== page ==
Anyone who knows me well also knows that I love bubbles.  I had a bubble machine at my wedding and I fully intend that there will be one at my funeral.  And although I haven’t tried this for myself yet, I particularly love those mega-sized bubbles you produce with two sticks and a length of washing line.  So you can see why I like this little video, and it’s made better still by having Gymnopedies No 2 playing as the soundtrack – it goes so perfectly with the shimmering beauty of the bubbles.


Alone with my giant soap bubbles, by toubaboo

Camera shake blues

St Dunstan's window, autumn

I’m so annoyed at myself right now. So many of my recent photos have some slight camera shake in them – it’s very slight, and you probably wouldn’t spot it at the size and resolution on here but I know it’s there and it spoils the image for me.  I used to pride myself on having a very steady hand but at the moment you’d think I’d been hitting the bottle on a regular basis.

It’s got me thinking about the whole issue of sharpness. It seems to me that if you’re setting out to take a photo that relies on sharpness, then it should be perfectly sharp.  But unless you have very bright light, that really means using a tripod, and I hate them.  I hate them for a number of reasons but the most important one to me is that it takes away the spontaneous nature of shooting.  I took up photography in part because I’d spent too much of my life being academic and precise and terribly, terribly careful.  I wanted to break away from that.  I wanted to work intuitively, move fluidly, and lose myself in the flow of it all.  For me, getting all finicky about perfect sharpness is too much like being back in academia where everything felt so restricted and lacking in life and joy – no matter how interesting it was on an intellectual basis.  To use a tripod on a regular basis would take away much of the joy that photography gives me, but I don’t want to take poor shots either………

I’ve always been very drawn to any kind of lo-fi photography. I like the way you never know quite what you’re going to get and how there’s always a chance of a serendipitous accident that turns out to be your best shot.  And I like the softness and mystery the lo-fi approach creates. One of my recently discovered favourite photographers is Susan Burnstine; she makes her own (very lo-fi) cameras out of bits and pieces she picks up at car boot sales.  The resulting images are dreamy, mysterious, and full of story.  Sometimes digital can seem too hard-edged, too bright, too contrasty, for me.  I know it doesn’t have to be, but it so often is.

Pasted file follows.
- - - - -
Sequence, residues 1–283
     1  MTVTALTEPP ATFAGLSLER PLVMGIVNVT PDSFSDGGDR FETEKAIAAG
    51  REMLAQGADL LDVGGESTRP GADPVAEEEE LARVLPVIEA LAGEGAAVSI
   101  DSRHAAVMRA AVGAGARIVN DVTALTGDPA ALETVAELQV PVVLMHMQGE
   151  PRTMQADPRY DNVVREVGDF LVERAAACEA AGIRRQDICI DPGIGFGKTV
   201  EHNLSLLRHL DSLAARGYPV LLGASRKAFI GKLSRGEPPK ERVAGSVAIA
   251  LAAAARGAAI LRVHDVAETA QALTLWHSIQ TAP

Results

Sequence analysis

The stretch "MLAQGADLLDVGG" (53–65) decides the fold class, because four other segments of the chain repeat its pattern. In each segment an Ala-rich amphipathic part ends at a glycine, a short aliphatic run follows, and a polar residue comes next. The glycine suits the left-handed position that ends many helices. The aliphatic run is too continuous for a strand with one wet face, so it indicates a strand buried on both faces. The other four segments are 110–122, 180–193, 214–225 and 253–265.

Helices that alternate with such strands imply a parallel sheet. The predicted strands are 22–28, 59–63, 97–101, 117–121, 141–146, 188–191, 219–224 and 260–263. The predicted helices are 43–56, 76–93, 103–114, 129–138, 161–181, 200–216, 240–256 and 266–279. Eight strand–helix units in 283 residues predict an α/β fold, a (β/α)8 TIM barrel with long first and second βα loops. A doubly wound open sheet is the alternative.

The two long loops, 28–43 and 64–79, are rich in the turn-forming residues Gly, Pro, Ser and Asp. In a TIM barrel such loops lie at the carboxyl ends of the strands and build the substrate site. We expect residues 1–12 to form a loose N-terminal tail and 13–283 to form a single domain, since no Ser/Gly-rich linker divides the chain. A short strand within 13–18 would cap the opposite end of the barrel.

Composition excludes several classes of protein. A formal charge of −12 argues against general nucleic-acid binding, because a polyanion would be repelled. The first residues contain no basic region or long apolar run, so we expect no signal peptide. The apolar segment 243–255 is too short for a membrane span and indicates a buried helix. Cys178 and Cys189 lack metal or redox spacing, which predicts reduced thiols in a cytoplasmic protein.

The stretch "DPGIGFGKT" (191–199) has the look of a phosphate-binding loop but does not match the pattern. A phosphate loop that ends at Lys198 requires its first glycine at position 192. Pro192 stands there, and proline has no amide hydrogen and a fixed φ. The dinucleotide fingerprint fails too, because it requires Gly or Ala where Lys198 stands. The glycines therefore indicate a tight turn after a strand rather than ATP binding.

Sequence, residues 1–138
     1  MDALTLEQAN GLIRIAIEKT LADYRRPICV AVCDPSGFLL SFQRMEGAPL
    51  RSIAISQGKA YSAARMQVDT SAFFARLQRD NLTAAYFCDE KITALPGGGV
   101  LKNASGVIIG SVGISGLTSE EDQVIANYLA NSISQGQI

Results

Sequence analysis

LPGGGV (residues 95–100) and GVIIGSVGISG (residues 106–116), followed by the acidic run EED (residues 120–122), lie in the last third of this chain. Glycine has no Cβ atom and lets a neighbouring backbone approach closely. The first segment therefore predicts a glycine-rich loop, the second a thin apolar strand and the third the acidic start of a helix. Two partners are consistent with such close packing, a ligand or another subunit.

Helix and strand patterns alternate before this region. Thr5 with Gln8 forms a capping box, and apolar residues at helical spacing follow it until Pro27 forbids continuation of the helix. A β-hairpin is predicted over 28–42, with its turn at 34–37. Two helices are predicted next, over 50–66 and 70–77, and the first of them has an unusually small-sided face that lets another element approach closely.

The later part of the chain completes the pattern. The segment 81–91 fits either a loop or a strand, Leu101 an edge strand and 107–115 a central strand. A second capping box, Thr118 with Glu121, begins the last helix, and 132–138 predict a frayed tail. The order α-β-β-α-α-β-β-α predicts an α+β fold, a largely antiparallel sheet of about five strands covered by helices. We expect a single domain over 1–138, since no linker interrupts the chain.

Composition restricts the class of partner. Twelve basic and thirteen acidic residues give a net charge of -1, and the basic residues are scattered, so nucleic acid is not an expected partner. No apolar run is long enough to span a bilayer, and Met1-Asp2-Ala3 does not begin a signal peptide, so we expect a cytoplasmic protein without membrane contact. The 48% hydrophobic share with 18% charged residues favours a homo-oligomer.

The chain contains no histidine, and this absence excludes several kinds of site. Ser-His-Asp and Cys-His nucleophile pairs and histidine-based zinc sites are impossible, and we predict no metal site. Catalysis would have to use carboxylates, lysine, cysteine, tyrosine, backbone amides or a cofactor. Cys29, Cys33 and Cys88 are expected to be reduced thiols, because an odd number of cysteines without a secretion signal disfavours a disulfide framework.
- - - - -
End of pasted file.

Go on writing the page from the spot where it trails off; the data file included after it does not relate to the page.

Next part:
I used to love my Lensbaby for its lo-fi qualities but I pretty much stopped using it, largely because I got such a rollicking when I used it for a whole assignment.  I can see now that my assignment photos did leave a lot to be desired, but I still don’t think that was the fault of the lens.  Lensbaby images can be a bit gimmicky, it’s true, but when they’re done properly they can also be very effective.  However, it does have a very distinctive and identifiable look and that’s not always what I want, either.

I’m aware I’m rambling on here, so let me finish up and get to the point. I feel there’s a decision I have to make – go for sharp pictures, bite the bullet and use a tripod, or go in a different direction towards a more lo-fi approach, where lack of sharpness isn’t an issue in the same way.  I like the second of these better, but I’m going to have to think hard about how I want to do that.

In the meantime, I took these once I got finished teaching in London at the weekend.  They were shot in one of my favourite places, St Dunstan’s-in-the-East.  The light was pretty dull so I concentrated on taking little abstract-y shots.  Some are sharp, some aren’t………….but you might not notice.

Last autumn leaves